What is it?
You’re looking at the latest, smallest-capacity version of Nissan’s all-conquering Nissan Qashqai SUV; designed, developed and built right here in the UK.
This is a two-wheel-drive model, conceived in the knowledge that many more soft-roaders are employed to collect kids from school than to climb mountains, so their owners are happy to avoid paying for a lot of heavy all-wheel-drive paraphernalia strapped underneath, a saving that amounts to several thousand pounds and 60-80kg.
A few years ago, an SUV with a 1.2-litre four-cylinder petrol engine, even if turbocharged and able to muster a healthy 113bhp and 140lb ft of torque, would have been laughed out of court. Not enough grunt, people would have said. It’ll rev its head off and probably wear out before the rest of the car has lived half a life.
But times have changed. Modern customer demands (and modern engine design theory) have shown that small engines can deliver top-class durability while saving mass, space and internal friction, to the benefit of the total vehicle’s agility, performance, fuel consumption and braking performance.
This is why Nissan has chosen to offer its lightweight 1.2-litre 16-valve four-cylinder turbo petrol engine in Sunderland’s super-successful SUV, providing an entry-level alternative to the 108bhp 1.5-litre dCi diesel, already one of the range’s best-sellers. The petrol model is expected to gain altitude rapidly as customers discover its virtues.
What's it like?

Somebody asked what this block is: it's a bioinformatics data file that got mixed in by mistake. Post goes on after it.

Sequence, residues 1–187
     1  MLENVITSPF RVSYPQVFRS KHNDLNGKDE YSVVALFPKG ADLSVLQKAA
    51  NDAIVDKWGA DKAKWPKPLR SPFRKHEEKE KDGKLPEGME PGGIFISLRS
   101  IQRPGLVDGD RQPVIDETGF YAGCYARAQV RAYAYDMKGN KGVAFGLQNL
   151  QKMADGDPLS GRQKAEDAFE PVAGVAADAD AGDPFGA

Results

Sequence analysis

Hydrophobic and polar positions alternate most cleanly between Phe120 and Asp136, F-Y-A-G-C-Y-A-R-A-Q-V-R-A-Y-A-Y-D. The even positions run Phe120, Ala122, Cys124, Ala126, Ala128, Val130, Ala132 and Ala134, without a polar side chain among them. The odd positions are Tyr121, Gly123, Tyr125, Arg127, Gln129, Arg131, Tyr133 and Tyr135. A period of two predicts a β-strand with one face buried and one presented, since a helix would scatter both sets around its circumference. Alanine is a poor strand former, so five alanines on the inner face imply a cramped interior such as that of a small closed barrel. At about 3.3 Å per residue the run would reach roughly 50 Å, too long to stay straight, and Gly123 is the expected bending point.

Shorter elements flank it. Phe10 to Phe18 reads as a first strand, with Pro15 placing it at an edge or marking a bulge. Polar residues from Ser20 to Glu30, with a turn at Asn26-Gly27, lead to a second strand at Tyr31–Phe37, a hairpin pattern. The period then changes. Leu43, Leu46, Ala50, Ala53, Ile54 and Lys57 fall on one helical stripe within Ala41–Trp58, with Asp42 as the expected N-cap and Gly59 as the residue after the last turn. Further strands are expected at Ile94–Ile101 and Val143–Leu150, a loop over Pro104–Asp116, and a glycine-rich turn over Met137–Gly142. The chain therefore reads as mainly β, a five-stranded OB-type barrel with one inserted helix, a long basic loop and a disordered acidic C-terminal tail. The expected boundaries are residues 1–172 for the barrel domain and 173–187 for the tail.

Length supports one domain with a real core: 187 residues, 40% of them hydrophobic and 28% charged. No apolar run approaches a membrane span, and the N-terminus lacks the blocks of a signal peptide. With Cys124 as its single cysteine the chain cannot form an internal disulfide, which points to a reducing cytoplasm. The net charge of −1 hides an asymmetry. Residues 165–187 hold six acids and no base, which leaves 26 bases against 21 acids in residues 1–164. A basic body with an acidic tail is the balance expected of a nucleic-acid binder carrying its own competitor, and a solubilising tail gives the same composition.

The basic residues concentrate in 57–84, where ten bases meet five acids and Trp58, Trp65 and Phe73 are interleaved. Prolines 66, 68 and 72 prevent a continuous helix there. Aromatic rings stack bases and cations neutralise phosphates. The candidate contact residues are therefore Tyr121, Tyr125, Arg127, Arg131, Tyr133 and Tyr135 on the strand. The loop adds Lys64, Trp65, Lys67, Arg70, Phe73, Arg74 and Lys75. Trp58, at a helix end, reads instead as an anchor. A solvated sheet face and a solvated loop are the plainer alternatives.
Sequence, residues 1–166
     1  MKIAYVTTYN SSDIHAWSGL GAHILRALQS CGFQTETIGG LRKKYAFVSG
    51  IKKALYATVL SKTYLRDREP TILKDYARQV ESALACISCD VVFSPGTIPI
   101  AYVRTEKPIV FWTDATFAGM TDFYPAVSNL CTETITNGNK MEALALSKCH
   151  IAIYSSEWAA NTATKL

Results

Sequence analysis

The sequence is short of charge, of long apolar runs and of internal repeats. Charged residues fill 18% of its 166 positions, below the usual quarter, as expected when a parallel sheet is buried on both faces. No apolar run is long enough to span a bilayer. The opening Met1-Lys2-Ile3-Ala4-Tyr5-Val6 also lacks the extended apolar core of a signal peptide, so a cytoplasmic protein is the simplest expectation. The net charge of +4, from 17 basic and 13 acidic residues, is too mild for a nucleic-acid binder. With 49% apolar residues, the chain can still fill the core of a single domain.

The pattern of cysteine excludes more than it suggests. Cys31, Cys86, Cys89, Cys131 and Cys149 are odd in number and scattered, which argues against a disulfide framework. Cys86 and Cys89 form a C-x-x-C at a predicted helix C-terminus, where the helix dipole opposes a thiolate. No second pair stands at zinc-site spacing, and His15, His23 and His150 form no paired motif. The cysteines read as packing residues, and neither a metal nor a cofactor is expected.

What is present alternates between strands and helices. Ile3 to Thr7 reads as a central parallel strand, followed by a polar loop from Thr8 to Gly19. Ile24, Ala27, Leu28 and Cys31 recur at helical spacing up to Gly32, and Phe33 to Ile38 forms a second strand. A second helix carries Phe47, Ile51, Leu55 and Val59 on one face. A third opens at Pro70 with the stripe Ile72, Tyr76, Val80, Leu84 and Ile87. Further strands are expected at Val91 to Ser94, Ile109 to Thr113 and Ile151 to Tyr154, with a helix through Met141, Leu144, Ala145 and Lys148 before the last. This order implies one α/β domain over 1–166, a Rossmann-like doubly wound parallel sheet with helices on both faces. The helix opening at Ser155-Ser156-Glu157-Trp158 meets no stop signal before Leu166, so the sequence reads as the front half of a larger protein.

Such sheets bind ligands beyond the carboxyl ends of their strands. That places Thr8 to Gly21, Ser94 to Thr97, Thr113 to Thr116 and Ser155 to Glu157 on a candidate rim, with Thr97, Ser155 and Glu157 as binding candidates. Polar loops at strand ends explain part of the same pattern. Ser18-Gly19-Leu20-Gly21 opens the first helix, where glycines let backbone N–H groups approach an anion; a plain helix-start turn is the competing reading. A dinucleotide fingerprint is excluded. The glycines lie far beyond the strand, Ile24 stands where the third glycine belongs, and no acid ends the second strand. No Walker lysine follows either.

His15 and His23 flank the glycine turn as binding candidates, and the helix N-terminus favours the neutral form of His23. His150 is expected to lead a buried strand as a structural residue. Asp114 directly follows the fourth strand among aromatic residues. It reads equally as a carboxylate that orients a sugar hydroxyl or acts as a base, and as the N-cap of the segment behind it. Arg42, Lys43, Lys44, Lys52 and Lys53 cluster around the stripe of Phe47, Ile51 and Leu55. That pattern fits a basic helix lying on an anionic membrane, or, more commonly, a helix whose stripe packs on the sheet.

A scan of the specifications sheet shows what close competition it poses for the similar-performance, somewhat more conventional 1.5-litre diesel (which we tested at the start of the year).
The 1.2-litre petrol, which comes with a standard six-speed gearbox, undercuts the diesel’s price by a handy £1260 and despite its lack of cubic inches it provides slightly brisker performance: 11.3sec 0-62mph acceleration against 12.4sec for the diesel.
The trade-off is fuel consumption 8-10mpg behind the 1.5dCi’s day-to-day figure in the late 40s, but a real-world figure of 38-42mpg is still impressive for any SUV, and some buyers will doubtless prefer the quietness and smoothness of a petrol engine (not to mention the lower price of four-star) to somewhat messier, pricier diesel fuel.
Best of all, there’s a comparative nose-lightness about the petrol model that adds delicacy to the Nissan Qashqai’s already excellent steering: repeatedly on test we’ve found remarkably little difference between the agility of this well-developed SUV and the better-class C-segment saloons.
The Qashqai’s ride comfort is especially impressive: it’s quiet, well damped but well controlled and never wallowy. You quickly come to appreciate that this suspension has been developed with the UK’s widely varied (and frequently rutted and uneven) roads in mind.
All the usual Nissan Qashqai virtues are present in this lower-end petrol Acenta: impressive trim, convenient and easily read instruments, a pervading aura of quality, comfortable seats and better rear space than both opposition models and the previous Qashqai. The UK-built crossover already sells in huge numbers, and this new economical petrol model well deserves to share the success.